You’ve been told over and over that your resume should include accomplishments from former positions. Yet, if you looked at your resume right now, it’s still a laundry list of past duties and responsibilities. It feels awkward boasting about your achievements and besides, isn’t modesty the best policy? Not if you’re looking for an edge to stand out and get noticed in the job search.
Turning job duties into accomplishments isn’t an easy concept to grasp. However, having detailed accomplishments can make or break getting an interview. So grab your resume, and use the tips below to revamp. If you do, your resume will be singing your praises in no time.
Identify the Difference Between a Duty and an Accomplishment
The first step to changing your duties into accomplishments is knowing the difference between the two. A duty describes what you did and an accomplishment shows how well you did it. For example, “managed projects” is a duty. Managed 22 projects and reduced their life cycle time by 20 percent is an accomplishment. If your title is project manager, the recruiter already knows the duties surrounding your job title. Saying that you managed projects is useless and takes up valuable space on your resume. Including the outcomes of those projects paints a picture of your success.
Determine What Sets You Apart
For each position on your resume, ask yourself that following questions:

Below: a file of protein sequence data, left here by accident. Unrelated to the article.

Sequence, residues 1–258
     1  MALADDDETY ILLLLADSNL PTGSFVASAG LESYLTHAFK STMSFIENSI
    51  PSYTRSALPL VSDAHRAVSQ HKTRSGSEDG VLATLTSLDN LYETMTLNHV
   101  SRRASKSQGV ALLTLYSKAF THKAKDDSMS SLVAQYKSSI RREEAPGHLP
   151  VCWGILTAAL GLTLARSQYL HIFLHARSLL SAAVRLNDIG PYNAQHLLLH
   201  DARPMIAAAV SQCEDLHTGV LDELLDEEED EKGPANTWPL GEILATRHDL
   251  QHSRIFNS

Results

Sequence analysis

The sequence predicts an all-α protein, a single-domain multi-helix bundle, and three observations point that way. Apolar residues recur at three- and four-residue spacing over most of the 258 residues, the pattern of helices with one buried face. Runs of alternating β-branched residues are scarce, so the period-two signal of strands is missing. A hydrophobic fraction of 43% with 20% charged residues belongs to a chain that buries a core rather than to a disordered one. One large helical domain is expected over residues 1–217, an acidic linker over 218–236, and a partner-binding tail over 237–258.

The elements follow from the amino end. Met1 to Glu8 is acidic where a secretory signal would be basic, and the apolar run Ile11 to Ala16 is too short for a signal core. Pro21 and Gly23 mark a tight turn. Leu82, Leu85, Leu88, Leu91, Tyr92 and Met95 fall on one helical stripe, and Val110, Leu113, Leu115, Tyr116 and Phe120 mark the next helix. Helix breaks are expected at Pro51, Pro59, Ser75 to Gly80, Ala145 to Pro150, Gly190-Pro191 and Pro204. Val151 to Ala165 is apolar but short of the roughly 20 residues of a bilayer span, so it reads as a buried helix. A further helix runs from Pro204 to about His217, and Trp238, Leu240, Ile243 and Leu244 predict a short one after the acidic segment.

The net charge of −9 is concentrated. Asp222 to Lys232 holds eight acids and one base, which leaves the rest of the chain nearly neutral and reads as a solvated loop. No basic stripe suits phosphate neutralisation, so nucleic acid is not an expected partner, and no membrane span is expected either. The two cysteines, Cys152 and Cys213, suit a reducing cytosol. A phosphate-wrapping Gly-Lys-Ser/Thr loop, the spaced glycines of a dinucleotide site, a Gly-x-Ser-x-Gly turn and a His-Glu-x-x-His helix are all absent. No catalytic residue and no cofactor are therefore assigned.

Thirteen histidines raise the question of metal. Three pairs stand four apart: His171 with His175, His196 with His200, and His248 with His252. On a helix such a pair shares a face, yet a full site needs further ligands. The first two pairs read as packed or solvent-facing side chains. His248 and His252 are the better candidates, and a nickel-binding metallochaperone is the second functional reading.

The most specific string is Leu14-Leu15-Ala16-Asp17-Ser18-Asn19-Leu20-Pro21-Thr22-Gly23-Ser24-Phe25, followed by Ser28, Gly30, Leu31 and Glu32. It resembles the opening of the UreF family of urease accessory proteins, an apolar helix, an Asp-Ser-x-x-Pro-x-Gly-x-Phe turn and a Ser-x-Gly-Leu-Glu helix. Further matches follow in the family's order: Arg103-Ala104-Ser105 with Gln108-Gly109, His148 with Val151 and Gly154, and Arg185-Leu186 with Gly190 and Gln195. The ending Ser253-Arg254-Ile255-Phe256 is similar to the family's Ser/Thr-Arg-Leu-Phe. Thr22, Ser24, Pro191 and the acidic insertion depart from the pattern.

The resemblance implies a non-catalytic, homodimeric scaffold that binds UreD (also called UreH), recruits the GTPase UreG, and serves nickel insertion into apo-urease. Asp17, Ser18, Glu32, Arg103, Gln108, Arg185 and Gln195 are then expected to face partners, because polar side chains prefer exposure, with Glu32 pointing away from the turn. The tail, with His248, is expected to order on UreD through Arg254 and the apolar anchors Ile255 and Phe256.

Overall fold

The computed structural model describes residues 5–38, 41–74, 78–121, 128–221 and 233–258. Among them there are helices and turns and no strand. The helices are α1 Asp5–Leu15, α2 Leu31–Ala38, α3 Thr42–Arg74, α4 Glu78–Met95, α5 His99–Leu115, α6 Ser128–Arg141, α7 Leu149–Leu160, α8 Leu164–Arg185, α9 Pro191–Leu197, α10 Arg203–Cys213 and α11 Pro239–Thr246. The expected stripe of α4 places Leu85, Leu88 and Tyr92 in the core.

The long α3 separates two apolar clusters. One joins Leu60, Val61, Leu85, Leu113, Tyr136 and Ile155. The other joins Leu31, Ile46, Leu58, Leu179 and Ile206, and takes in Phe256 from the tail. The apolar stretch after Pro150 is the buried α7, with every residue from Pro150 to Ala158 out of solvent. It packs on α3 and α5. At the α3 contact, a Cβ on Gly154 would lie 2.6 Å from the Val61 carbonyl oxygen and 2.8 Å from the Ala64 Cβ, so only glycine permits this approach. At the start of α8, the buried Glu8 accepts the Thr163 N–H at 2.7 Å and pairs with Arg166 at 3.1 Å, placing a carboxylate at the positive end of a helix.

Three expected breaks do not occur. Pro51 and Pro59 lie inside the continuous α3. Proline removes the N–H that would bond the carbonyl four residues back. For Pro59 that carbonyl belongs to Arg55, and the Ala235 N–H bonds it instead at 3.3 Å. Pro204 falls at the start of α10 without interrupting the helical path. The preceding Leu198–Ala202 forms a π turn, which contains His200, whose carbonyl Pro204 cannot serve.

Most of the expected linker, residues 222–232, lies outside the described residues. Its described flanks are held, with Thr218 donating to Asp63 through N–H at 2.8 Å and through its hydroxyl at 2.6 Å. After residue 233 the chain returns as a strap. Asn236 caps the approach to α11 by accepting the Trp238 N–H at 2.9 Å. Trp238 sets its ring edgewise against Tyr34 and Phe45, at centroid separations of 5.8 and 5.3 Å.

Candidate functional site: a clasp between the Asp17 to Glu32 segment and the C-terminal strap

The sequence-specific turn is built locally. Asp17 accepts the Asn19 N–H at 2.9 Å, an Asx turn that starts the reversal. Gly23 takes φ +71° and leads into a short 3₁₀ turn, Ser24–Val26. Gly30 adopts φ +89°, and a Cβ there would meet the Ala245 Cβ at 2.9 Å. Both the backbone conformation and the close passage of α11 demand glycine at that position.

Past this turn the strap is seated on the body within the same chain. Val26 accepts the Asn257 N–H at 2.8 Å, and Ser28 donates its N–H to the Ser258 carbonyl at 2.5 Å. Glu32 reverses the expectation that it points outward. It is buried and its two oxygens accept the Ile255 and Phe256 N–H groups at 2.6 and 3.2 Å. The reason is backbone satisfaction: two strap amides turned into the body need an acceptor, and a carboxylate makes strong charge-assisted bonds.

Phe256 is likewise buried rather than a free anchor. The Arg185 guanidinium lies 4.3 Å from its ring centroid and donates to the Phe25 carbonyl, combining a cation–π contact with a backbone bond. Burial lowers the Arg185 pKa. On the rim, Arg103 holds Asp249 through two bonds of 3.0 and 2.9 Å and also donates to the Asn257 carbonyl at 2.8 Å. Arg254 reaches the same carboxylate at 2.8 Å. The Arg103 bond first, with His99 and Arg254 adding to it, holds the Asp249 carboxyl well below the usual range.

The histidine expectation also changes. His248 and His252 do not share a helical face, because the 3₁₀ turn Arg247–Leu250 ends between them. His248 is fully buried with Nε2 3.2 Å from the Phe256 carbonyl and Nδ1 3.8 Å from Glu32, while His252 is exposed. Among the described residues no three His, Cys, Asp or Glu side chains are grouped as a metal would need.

- What was the challenge you faced?
- What was the action you took?
- What was the result of that action?
Use the answers to these three questions to formulate success stories. These answers are what set you apart from the other candidates.
Quantify Those Achievements
Go through your list and paint the picture with numbers. Add in as many facts, figures, and percentages as you can. Potential employers want a candidate that can quantify their results. The most convincing achievements are measurable.
Answer this question for your potential employer. They can see all of your great achievements on your resume, but what do those accomplishments mean to them? Clearing communicating not just what you’ve done, but what benefit those successes will provide to the organization. Hiring you isn’t a one-way street; everyone wants to know what’s in it for them.
A resume full of accomplishments will show the organization what you can do and set you up for success. If you get stuck identifying your accomplishments ask a former colleague. They may be better at recognizing your top contributions.